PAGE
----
Choosing The Best and Most Appropriate Wood Stain For Your Project
Wood is one of the most naturally existing materials. However, not every wood is considered to be beautiful and appealing. The physical appeal of wood ultimately depends on the color appearance and the wood grain. The typical use of wood is commonly for interior and exterior furnishing of homes. You often find that the appearance of furniture wood grain is not that quite appealing in its natural form. However, antique furniture-whether made from hardwood or softwood is quite appealing considering that this kind of wood grain has over the years acquired a patina that is not common in new wood. However, what changes the entire look of new wood grain to make furniture refinishing even more amazing is the wood stain. There are different reasons why people undertake wood staining. Among the reasons is that staining improves the wood grain giving the wood a new character. This means that staining can make common wood appear as if it is very rare or even new wood appear antique. Staining also gives back color to areas where the wood grain could have appeared bleached or even change the appearance to give a piece of furniture a darker and more exotic look. Whether you want to restore your cabinet drawer slides, decorative cabinet door, drawer slides, full-extension drawer slides, hanging brackets or a slamming cabinet door, here are some of the things that you should know about wood stains.
What to do Before Staining
Before making the decision to stain wood, you need to first figure out the kind of wood grain you are working with. If you are dealing with wooden pieces made from mahogany, aged pine, cherry, rosewood, maple and other rare woods, then it is not recommended that you stain this kind of wood grain. There are certain woods whose appearance is much better in their original nature. However, the appearance of light wood improves significantly after staining. This happens especially for wood that does not have a distinct or distinguished wood grain. For the perfect finish, some of the wood that works perfectly after staining includes poplar, Beech, new pin, ash gum and birch. There are some woods however that are okay whether they are stained or in their natural appearance. One such wood is oak. Simply put, you should not stain wood if you are not sure how such wood will appear after staining. Apart from the types of wood that should guide the process of staining, you should also think about your own choice and preference. If you want to establish how different kinds of woods appear after staining, pick a less conspicuous spot and stain it. Once the appearance becomes evident, you can tell how the entire piece of furniture will look like after staining.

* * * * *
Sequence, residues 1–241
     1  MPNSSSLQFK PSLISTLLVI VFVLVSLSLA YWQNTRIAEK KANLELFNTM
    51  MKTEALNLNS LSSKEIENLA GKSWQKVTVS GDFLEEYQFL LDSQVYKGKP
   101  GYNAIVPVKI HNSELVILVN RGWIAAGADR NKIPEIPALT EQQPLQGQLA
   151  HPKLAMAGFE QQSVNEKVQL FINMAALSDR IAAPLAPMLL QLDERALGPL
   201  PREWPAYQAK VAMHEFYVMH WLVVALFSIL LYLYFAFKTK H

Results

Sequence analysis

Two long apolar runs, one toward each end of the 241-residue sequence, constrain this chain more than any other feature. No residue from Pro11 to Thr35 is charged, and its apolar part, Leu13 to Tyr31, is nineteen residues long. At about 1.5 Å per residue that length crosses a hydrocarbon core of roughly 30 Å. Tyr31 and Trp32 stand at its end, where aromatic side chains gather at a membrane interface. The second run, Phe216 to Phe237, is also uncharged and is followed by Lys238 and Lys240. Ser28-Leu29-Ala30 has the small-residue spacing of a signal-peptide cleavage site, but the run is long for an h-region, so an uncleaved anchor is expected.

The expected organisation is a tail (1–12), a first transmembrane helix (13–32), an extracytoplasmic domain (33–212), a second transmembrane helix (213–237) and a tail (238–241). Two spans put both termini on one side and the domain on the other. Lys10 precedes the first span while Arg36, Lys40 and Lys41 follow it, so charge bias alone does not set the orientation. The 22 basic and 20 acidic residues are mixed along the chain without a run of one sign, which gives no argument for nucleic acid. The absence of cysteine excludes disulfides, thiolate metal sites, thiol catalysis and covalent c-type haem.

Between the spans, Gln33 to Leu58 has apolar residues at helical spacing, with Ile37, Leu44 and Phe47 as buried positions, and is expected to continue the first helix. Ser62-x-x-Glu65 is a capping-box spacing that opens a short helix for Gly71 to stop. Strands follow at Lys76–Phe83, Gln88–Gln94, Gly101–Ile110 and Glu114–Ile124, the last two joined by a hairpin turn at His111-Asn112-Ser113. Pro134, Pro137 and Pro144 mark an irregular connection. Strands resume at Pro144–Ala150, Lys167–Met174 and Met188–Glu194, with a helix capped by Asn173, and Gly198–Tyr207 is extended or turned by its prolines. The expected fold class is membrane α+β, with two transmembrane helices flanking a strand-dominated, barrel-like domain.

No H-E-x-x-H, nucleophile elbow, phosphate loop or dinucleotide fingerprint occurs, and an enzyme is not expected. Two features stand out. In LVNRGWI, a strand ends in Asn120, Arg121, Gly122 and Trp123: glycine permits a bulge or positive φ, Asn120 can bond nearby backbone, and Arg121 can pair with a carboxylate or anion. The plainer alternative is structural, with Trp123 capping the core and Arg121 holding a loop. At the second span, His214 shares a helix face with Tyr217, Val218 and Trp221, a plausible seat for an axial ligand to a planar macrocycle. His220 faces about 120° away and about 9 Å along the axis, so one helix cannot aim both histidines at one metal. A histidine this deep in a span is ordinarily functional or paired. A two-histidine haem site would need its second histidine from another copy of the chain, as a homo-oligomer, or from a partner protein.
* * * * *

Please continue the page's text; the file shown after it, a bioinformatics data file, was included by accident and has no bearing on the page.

Choosing a Stain
When it comes to staining, there are several options to choose from. You can opt for sealer stains, water-based stains, varnish and wiping stains. Each of these stains gives wood grain a distinct look that is unique to each stain. They also have different experiences when in use which is why it is important that you should always read the labels before use. What you need to consider is the kind of finish that you intend to have after using a certain type of stain. Most finishes work perfectly with almost every other stain but when it comes to polyurethane varnish, there are some stains that do not work with the varnish. This means that since polyurethane varnish is a common choice for many people because of its appeal and durability, you need to establish the kind of stains that work with this kind of varnish. When choosing a stain, you might also want to consider its intended purpose on the wood grain. You often find that many furniture stains are a mixture of pigments, oil and turpentine. They can also be a mixture of volatile spirits or aniline dyes mixed with water. The best approach to wood stains is that you don’t just go right into the process without taking into consideration whether the appearance of the wood is much better before or after staining.